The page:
A harvest of plenty in special garden

By Karen Zautyk
Observer Correspondent 


Somewhere in Harrison, there is a magical place. If we were telling this story as a fairy tale, it would begin:

Once upon a time, there was a small plot of land on which a happy home had stood. But one day, the king’s men came and tore the house down, leaving the land lonely and forsaken. Soon, bad people found the place and used it as a trash heap, and it got uglier and lonelier, because the king’s men didn’t do anything about cleaning it up.

Good people who lived nearby would try to remove the litter, but the bad people always came back and dumped some more.

Then, an angel appeared. We will call her a Gardening Angel. And she planted lots of wonderful things, which grew to giant size and which she shared with her neighbors.

Soon, the land was beautiful and bountiful, because the angel watched over it in every season. Just because this was the right thing to do.

The End The best thing about this story is that it’s true.

We have not met the Gardening Angel. We don’t even know her name.

Which is fine, because we would not identify her anyway, lest the king’s men get annoyed. Besides, we are told she speaks no English.

We learned about her from a Harrison man, Tony DeOliveira, who showed us the garden and told us its history. We are not going to give its location, either.

The folks in the neighborhood know where it is and appreciate it, and that is enough.

“I’m here 16 years,” DeOliveira said, “and it was an eyesore until three years ago, when she started the garden.”

The land, which belongs to the state, had been more or less abandoned, and it became an illegal dumping ground.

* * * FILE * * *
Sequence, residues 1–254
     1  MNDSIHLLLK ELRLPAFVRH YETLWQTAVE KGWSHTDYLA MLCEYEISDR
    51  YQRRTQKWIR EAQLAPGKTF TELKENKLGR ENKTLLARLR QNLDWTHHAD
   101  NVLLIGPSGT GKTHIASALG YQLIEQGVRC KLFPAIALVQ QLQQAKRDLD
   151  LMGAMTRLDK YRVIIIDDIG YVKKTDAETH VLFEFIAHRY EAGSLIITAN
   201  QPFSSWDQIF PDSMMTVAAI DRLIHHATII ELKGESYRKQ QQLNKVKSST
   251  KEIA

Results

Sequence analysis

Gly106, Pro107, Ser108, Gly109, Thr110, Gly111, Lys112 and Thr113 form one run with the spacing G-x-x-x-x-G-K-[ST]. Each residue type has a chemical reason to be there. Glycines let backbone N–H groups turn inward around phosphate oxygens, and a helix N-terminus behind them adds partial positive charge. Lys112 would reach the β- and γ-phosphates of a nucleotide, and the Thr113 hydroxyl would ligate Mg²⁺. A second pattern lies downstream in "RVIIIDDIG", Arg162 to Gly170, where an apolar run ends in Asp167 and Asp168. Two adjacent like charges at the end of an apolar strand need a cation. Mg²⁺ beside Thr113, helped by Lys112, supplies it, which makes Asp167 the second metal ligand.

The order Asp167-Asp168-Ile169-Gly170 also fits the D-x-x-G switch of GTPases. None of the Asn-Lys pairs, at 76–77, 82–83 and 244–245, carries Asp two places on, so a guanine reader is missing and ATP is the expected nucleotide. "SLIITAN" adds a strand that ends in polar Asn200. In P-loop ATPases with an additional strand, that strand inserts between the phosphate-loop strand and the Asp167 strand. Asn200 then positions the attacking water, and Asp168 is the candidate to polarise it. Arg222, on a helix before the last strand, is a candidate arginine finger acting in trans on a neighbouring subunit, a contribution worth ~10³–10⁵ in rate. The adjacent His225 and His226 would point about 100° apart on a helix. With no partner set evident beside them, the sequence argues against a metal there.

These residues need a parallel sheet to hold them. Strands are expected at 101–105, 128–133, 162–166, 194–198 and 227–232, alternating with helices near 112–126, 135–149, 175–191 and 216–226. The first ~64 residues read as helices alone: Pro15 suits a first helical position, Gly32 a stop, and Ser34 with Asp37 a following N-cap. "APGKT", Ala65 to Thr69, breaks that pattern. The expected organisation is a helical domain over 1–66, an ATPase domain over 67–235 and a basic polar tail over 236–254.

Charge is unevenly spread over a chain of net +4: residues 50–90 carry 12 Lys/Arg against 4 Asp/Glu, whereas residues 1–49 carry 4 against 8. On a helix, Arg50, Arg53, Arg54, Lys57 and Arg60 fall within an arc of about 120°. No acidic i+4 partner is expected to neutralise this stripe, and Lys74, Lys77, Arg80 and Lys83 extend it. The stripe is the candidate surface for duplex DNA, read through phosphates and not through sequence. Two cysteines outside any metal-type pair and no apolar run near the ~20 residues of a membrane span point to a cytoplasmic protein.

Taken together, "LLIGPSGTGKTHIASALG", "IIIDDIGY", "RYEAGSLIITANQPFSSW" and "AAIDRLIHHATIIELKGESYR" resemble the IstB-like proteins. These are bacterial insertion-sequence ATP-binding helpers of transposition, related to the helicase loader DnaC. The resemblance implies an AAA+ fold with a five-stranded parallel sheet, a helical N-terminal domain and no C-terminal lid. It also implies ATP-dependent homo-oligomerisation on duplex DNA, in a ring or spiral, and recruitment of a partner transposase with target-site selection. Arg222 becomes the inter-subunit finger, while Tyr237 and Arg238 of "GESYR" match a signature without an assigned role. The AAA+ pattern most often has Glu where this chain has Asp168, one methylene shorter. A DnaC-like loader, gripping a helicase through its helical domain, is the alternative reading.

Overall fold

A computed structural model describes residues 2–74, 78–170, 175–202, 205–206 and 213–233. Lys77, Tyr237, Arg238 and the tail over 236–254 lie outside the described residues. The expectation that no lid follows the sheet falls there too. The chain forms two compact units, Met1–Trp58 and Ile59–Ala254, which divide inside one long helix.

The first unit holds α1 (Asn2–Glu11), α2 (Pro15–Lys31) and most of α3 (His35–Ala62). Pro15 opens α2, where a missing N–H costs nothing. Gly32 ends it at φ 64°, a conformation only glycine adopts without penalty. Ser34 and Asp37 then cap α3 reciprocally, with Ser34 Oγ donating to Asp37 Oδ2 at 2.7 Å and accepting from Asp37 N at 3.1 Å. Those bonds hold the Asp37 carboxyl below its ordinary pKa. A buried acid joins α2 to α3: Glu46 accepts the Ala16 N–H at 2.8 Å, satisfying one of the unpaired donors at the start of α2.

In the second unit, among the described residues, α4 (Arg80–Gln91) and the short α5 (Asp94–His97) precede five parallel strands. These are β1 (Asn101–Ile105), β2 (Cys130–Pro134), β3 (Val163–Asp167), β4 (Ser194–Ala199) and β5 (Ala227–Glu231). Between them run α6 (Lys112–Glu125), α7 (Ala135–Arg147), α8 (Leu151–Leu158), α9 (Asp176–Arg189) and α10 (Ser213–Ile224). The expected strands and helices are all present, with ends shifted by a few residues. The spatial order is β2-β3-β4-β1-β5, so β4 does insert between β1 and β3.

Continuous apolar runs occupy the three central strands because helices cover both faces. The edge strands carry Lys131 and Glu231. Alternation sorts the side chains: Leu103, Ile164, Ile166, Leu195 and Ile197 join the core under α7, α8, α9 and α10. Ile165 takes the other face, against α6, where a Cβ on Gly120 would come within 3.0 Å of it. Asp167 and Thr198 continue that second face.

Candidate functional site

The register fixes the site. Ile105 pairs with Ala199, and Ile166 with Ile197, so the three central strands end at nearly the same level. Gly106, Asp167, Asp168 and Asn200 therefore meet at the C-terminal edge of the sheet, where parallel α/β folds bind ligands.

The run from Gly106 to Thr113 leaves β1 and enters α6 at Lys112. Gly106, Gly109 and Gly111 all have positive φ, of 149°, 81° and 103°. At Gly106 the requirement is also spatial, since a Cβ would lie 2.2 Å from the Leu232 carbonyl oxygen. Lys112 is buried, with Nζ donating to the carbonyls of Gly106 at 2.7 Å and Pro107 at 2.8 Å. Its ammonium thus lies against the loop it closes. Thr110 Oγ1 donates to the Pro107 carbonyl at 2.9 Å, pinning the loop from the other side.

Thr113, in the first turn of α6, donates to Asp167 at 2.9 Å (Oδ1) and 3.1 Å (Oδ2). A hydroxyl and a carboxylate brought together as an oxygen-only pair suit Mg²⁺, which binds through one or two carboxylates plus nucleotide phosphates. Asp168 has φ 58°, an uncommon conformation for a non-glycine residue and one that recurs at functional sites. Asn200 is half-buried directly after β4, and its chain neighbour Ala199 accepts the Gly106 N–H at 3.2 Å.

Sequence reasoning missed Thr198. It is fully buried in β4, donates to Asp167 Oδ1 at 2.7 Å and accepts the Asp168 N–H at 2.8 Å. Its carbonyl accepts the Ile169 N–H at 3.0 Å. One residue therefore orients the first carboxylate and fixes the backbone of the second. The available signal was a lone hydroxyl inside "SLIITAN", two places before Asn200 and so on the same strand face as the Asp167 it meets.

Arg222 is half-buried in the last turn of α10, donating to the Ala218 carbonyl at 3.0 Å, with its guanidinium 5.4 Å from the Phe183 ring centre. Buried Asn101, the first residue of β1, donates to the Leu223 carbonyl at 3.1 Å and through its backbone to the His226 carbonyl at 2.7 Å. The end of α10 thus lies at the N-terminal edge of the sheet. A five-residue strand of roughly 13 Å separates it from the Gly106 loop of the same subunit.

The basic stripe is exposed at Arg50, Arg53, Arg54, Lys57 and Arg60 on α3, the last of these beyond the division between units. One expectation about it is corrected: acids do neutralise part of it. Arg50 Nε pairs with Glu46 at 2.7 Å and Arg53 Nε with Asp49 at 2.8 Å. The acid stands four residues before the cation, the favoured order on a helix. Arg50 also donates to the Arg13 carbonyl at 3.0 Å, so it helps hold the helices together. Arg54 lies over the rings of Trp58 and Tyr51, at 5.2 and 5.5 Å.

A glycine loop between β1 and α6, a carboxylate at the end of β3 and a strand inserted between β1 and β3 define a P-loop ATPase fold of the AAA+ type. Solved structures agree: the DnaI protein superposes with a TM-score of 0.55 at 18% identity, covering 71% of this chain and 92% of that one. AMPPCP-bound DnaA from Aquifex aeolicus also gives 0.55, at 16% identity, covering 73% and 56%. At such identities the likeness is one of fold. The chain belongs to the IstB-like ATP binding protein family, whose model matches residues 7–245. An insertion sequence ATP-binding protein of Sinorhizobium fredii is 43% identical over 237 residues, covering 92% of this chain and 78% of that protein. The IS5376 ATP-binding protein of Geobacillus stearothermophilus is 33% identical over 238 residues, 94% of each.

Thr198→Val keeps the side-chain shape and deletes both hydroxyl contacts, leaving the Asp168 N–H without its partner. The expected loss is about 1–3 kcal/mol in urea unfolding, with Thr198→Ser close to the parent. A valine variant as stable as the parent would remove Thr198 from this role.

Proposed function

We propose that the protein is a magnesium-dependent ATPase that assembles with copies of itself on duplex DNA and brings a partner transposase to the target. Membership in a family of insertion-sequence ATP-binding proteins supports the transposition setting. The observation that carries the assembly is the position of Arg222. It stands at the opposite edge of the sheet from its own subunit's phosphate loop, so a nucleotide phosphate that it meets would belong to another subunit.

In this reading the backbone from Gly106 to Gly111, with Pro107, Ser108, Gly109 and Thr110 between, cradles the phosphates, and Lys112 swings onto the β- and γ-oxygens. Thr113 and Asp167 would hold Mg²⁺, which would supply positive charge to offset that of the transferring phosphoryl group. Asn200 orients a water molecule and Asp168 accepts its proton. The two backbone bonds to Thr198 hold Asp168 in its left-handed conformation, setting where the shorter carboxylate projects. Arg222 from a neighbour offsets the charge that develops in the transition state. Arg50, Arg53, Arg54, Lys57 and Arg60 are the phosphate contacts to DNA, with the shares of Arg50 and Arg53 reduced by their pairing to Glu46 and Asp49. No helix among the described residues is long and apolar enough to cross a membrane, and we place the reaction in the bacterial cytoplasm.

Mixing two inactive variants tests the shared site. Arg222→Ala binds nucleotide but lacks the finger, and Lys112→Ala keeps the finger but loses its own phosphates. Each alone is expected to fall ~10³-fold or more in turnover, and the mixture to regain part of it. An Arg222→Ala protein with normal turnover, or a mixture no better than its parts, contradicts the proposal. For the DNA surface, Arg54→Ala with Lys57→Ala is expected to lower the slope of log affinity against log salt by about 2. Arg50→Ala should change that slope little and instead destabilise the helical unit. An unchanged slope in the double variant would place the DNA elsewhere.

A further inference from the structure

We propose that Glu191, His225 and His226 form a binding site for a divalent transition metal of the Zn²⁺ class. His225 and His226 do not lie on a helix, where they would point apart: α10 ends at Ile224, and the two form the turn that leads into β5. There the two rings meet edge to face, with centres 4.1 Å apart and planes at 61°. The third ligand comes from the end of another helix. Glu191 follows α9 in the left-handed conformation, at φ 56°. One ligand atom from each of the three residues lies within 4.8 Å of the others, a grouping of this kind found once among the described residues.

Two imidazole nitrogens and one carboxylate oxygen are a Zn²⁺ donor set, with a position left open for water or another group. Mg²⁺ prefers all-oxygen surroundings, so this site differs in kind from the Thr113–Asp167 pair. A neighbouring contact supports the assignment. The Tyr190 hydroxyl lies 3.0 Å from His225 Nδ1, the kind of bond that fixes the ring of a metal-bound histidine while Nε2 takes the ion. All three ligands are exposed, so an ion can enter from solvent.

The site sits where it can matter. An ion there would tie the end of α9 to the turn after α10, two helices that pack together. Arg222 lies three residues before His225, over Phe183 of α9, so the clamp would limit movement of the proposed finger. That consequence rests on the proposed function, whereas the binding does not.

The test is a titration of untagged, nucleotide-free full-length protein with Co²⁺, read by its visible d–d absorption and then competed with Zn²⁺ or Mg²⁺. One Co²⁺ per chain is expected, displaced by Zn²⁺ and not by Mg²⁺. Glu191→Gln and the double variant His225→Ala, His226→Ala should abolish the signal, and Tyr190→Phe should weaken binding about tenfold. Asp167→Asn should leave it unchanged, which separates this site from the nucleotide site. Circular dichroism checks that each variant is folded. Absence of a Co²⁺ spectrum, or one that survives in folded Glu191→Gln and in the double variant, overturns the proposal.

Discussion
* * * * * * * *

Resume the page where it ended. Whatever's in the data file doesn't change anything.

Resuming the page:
“It was disgusting,” he said. “People would pull up in trucks and throw their trash over the fence.

“I contacted the state to put up No Dumping signs,” He told us. “That didn’t work. No sign in the world would stop it.”

“This,” he said, waving his hand toward all the greenery, “stopped it.”

The plot is overflowing with plants. From a distance, one might think it’s all wild growth. But venture closer, and you see the herbs and fruits and vegetables.

Squash, eggplant, tomatoes, watermelons, cilantro, and many wonderful things whose names we do not know. Most of them of enormous size.

“She likes to grow massive things,” DeOliveira said, pointing out some 4-foot-long squash and 2-foot-long cucumbers hanging from a trellis. Nearby were some eggplants, which appeared only slightly larger than normal. “The eggplants are late-bloomers,” he explained, and we recently learned that they are now the size of watermelons.

Flowers also bloom there, but these are not purely decorative. “Every flower bears a fruit,” DeOliveira noted.

Since there are no pipes in or near the plot, how does the Gardening Angel water all this? She carries water there from her own home. Carries it in large, heavy buckets. And she’s a senior citizen.

“But she’s strong as a bull,” DeOliveira said. “You should see her in the spring. She’s out there clearing the ground with a pick-ax. God bless her. Every year, she removes more weeds, and the garden grows.”

As we stood there talking, several people walked by, pointing out the giant veggies and smiling. “See how people stop?” DeOliveira said. “No one steals anything. No one damages anything.”

The Gardening Angel doesn’t keep all this produce for herself. Far from it. “She hands out things to the whole neighborhood,” DeOliveira said.

So, on one block in Harrison, on one small lot, one small woman has shown what hard work and determination and neighborhood pride can do.

As DeOliveira said: God bless her

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